6 Truths About Helicopter Parents

My parenting style can be best described as a hybrid mashup—a combination of authoritative, authoritarian, and permissive. But if one parenting style was to surface and all others sink, at the end of the day I would emerge a predominantly helicopter parent.

The term “helicopter parenting” was coined back in 1990 by child development researchers Foster Cline and Jim Fay in their book, Parenting With Love and Logic. Helicopter parents, according to the official definition, take an overprotective or excessive interest in the life of their child or children. Most helicopter parents are guilty of rescuing their children, rather than giving them freedom and autonomy. “They’re forever running lunches, permission slips, band instruments, and homework assignments to school,” the authors wrote at the time. In an updated version of their book, they go on to say, “These parents are obsessed with a desire to create a perfect world for their kids…one in which they never have to face struggle, inconvenience, discomfort, or disappointment.”

These are legitimate observations. But like most things in life, one-size doesn’t fit all. Based on my own experience, here are 6 truths about helicopter parents:

The whole “hover’ thing adjusts for altitude and attitude.

I don’t always hover. I mean, I do, A LOT, but, true to definition, my hovering tends to fluctuate with challenges and discomfort. I hate to see my children struggle, so I have a tendency, like most helicopter parents, to swoop in at any sign of difficulty or distress. I don’t immediately try to fix anything, but I will offer my unsolicited guidance and feedback before the helicopter flies again. In this way, I like to think that I’m being more supportive than hovering. I don’t rescue, as much as I guide. Although we get a bad rap, I think this is the case with many helicopter parents.

Helicopter parents were once free-range kids.

I don’t know how I survived my childhood. After breakfast, the door was wide open. I could come and go at will, so long as I was home for lunch and returned for dinner. Today, it’s called free-range parenting. Back then, I was just another latchkey kid. With so much freedom, I emerged full of street smarts and developed a strong sense of independence. I was creative, resourceful, and confident, but I craved more guidance and undivided attention. Out in the great wide open, I frequently thought I’d be abducted by someone driving a white van, never to be seen again. How long would it take for anyone to realize I was gone? I guess this is one of the reasons I hover. I like to know my kids are safe and supported.

Disorganization often presents as parental over-involvement.

There’s a reason many helicopter parents are constantly running forgotten things to school. It might look like we’re picking up the slack for our kids, when, in truth, we are making up for our own lack of organization. Of course, we all want to raise responsible children. However, the expectations can only be as high as the chaos allows. When adults create a chaotic environment, whether due to work or other responsibilities, things fall through the cracks.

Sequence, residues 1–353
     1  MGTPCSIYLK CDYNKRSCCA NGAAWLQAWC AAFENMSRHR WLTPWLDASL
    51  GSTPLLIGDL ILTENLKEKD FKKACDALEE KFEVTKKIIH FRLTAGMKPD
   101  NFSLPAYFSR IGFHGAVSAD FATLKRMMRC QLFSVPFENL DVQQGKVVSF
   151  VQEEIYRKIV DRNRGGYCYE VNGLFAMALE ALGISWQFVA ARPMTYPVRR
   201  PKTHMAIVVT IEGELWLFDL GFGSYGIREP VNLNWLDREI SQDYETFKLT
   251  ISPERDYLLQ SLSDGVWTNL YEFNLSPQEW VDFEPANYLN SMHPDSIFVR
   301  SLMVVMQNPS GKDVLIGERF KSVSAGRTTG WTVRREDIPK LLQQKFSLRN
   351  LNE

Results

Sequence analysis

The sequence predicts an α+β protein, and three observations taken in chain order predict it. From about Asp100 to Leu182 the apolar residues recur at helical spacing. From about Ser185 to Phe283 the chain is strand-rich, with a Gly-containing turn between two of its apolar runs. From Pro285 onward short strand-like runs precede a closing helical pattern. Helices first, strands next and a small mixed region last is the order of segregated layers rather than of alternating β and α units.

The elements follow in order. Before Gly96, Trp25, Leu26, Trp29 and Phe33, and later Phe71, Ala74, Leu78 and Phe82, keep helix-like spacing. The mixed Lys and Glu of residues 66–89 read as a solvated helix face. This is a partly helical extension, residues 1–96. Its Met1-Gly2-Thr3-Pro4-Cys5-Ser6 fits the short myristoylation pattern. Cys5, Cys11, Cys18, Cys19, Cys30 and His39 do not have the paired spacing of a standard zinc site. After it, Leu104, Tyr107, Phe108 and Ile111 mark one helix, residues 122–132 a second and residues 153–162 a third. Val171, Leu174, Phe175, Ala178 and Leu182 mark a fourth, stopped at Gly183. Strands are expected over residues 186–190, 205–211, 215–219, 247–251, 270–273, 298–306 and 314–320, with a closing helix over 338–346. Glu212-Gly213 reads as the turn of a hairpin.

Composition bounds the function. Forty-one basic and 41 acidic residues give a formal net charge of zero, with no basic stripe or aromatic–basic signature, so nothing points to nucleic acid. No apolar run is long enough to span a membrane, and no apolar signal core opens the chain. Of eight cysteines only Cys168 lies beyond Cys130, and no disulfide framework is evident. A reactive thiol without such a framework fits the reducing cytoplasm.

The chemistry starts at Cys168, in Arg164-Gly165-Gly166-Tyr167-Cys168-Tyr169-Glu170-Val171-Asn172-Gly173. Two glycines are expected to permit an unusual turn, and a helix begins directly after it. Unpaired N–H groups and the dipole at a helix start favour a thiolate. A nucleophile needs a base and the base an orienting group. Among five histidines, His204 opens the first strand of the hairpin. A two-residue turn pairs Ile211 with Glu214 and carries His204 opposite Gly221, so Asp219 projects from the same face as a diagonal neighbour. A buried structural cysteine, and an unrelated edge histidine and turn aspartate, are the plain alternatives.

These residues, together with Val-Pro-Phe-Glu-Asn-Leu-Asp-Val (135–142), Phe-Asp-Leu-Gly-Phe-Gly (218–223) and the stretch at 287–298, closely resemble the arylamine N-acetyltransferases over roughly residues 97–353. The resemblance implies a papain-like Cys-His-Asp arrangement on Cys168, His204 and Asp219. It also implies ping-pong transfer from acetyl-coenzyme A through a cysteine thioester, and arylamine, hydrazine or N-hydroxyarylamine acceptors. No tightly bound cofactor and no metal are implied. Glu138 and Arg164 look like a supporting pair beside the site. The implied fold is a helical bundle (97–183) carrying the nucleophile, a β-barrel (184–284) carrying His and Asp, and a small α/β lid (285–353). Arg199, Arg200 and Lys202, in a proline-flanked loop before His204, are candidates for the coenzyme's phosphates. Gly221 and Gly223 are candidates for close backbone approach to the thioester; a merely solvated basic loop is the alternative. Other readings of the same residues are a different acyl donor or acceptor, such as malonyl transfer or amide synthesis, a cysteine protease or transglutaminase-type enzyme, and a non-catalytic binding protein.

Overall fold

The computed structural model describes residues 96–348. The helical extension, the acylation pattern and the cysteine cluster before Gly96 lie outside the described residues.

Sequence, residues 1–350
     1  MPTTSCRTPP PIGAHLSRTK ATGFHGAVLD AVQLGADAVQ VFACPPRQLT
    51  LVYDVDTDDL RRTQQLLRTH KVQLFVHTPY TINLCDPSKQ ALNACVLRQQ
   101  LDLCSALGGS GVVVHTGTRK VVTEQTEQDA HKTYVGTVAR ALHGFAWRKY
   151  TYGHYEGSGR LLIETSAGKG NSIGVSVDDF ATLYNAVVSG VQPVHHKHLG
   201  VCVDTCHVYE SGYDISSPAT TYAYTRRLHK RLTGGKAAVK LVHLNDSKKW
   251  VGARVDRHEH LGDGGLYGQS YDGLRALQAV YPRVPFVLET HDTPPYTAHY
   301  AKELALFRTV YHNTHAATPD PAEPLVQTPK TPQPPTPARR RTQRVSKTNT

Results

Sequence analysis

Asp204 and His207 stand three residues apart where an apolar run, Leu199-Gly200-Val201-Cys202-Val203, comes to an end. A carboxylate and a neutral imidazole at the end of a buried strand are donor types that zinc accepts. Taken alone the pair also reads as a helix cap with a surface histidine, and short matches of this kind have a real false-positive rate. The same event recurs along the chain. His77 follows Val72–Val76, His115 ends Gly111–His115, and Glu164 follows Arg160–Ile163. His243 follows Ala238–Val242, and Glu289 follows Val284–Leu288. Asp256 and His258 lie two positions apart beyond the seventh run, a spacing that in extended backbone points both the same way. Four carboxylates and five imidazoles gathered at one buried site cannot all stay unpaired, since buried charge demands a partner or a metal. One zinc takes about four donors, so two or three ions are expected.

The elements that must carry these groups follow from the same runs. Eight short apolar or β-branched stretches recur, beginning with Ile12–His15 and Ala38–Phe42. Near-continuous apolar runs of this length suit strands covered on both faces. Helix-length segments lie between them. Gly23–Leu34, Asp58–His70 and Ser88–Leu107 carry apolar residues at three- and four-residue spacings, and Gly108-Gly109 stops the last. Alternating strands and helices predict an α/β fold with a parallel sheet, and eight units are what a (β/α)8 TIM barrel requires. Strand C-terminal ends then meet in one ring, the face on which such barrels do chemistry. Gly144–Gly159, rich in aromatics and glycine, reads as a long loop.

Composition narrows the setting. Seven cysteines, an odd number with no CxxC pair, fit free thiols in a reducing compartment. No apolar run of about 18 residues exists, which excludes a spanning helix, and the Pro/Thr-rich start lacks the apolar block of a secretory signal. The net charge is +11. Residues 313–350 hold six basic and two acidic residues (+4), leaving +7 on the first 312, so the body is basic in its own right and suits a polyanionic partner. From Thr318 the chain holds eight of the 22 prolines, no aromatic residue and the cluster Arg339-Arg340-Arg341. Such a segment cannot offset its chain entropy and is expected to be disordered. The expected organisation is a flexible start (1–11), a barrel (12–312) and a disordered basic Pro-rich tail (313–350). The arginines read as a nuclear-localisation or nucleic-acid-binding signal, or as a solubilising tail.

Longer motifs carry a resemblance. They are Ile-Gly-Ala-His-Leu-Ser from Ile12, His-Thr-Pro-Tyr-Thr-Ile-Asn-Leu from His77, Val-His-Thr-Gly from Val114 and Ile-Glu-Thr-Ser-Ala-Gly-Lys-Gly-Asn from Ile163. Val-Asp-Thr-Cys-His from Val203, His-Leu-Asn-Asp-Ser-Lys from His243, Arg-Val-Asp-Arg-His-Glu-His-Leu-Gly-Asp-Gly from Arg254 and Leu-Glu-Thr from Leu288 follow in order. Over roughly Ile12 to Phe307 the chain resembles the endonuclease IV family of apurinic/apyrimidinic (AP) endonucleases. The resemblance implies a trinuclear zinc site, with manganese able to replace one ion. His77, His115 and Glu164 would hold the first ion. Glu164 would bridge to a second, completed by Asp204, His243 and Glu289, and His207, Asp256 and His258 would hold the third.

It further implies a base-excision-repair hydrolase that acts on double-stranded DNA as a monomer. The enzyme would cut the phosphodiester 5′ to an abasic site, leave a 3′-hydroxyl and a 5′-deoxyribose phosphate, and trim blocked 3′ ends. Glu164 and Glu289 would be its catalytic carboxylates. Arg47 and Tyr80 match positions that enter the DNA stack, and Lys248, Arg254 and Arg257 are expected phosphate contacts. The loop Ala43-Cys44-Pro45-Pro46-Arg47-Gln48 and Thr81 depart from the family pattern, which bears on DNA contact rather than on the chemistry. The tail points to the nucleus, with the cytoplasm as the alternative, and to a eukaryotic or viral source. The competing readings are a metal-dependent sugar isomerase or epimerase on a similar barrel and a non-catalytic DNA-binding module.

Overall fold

Helicopter Parents are responding to “an increasingly unhinged environment.”

According to the book Love, Money and Parenting: How Economics Explains the Way We Raise Our Kids, Helicopter Parents are hyperfocused on economic equality for their children calling it a response to an increasingly unhinged environment. In other words, the intensity of parenting lines up very closely with economic inequality. While this might be true for some Helicopter Parents, others, like me, are focused on the actual unhinged environment—the climate crisis, global unrest, and so on. Most parents have a primal protective instinct. In the past several decades, with more threats and dangers facing our kids, this instinct has kicked into overdrive for some parents. You can call us overprotective. I call us looking out for their safety and the security of their future.

Contrary to popular stereotypes, Helicopter Parents are not hysterical or illogical.

I want to make this perfectly clear: I choose to spend more time with my children, more than other parents might spend with theirs. I’m not acting on some uncontrollable impulse to smother them. I’m not hysterical or illogical. Most of my parenting choices are based on experience (I’ve been parenting since 1991) and outcomes. And a genuine desire to be involved in my children’s lives.

At the end of the day, Helicopter Parents are like every other type of parent.

Here’s the reality: there is no one right way to be a parent and one parenting style is not necessarily better than another. Most days, no matter which style we employ, we’ve convinced ourselves we’re not good enough. If we don’t immerse ourselves in our children’s lives, we are bad parents. When we do immerse ourselves in our children’s lives, we are bad parents. Just be there for your kid. Support. Encourage. Hover, if you must. But love them with all that you have and can give.

Posted on by Crystal in Parenting

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